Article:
I have to say, these are "interesting" with respects to its design. The back of the IEM has an interesting bead blasted finish (akin to pebble), which provides easy-grip when it comes to the placement or removal of the earphones from your ear-canals. The entire IEM feels as if it has been "CNC" Machined and Manufactured, thanks to it's solid aluminium construction, being both lightweight and durable enough to take a beating. Do take note that the "front" and "bead blasted back" of the IEM's appear to be modular, as though these two parts are somehow "glued" or bolted together to form the driver housing (refer to picture below) 


The nozzle length paired with the superbly comfortable SpinFit tips make for a deep insertion, ensuring a snug fit. Any sudden movements are unlikely to displace the IEM's from your ears. The strain reliefs are ingeniously designed. The "inverted" or "angled" strain reliefs are hard plastic, molded over the cable sheathing to offset the weight of the cable and prevent cable-driver separation, a common issue with IEM's without removable cables. The cables are supple and nice to the touch, being pliable enough to  wear "under" or "over-ear". Oddly enough, the cable sheathing has a strange perforated "tubing" design. Overall, you are definitely getting more than you pay for when it comes to its build. 


Sound Quality:

Setup Used: Cowon Plenue D

                    Fiio X3 Mkii

                    Foobar 2000 v1.3.6 + Aune X1s



Taken from the official website

I have to admit on my part that these IEM's "WOWED" me on first listen. I'm not a fervent believer of "burn in" vs "psychological burn in" per se (audible differences aren't exactly night and day), but I decided to remain as objective as possible. I burned them in for approximately 20 hours without prior listens (to prevent unconditional biases from kicking in). The IEM's are rated at 18 ohms, so there shouldn't be any worries when it comes to driving these IEM's.

I was floored by the unobtrusive yet shimmery highs. Cymbals, Stringed and Wind instruments had a eerily accurate timbre/resonant reproduction unlike anything I've ever heard in this price bracket. The higher-end had just enough forwardness and grit to be considered "natural", with a slight tinge of sibilance. Female vocals, especially by vocalists in the "Mezzo Soprano" region such as Neko Case were larger than life, with an uncanny resemblance to a front seat performance. Male hymns or European Folk Groups such as Dry the River were represented beautifully by the Ocharaku's. It's almost impossible to describe and best left to the listener to decide for himself/herself.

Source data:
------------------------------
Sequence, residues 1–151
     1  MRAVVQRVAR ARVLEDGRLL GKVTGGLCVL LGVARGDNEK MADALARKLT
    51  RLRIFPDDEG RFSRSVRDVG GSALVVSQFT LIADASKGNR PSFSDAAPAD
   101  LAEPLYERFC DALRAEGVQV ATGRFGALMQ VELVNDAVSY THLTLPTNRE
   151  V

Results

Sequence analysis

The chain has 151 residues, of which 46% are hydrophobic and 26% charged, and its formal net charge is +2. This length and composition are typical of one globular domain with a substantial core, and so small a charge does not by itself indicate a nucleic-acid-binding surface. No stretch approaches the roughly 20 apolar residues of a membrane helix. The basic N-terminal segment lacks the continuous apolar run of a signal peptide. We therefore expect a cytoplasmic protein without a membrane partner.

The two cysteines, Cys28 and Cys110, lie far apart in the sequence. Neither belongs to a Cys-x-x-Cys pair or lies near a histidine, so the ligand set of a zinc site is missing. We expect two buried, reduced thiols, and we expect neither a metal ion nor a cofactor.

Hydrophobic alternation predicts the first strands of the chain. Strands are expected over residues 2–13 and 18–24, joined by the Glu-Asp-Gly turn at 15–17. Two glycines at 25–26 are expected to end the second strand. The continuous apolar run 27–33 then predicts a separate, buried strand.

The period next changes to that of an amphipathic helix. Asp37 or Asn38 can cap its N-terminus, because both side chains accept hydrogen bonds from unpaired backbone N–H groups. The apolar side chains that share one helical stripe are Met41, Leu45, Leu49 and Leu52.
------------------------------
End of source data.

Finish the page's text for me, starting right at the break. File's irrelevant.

Dry the River- History Book (Acoustic)

The mid-frequencies were clear and remained unaffected by the usual bombastic lows that or often characteristic of poorly optimized dynamic drivers. The highs took center stage but the mids followed suit. The lows had a "shy of neutral" tuning, with mid-bass thumps akin to a balance armature with a tad more sub-bass decay. 

For a budget IEM, the sound-stage trumps many of it's competitors (even those that cost up to 8 times more). It's sound-stage, while not as wide as a flat-plain like some of its balanced armature counterparts (with their faux left-right channel separation that comes as off unnatural at best), the Ocharaku's recreate an incredibly clear and coherent sound-stage. Imaging was a blast, with instruments/backing vocals being well positioned and easy to identify. IMHO, the Ocharaku's actually sounded better than my previous daily beaters! (the Noble 4 to be exact)

Overall, the Ocharaku Co-Donguri is a stellar single dynamic driver that gives its competitors a run for their money. Do take note that they paired superbly with my Cowon Plenue D and  FiiO X3 2nd gen Ultraportable Hi-Res DAP but sounded a tad to forward and somewhat fatiguing when paired with the  Aune X1S 32Bit/384KHz DSD DAC Headphone Amplifier  (YMMV)


In Conclusion;

I was left completely speechless. When it comes to price to performance ratio, the Ocharaku's are an easy 1:10. As stated previously in a review I did on the ever-changing FLC 8S, I stated clearly that I hated single or multiple balanced armature setups due to it's unnatural tingey sound and psuedo "left to right" sound-stage. These Japanese beasts are living proof that dynamic drivers can be superior to multiple driver setups if done right. Sometimes less is more, and in this case, they are WAY more.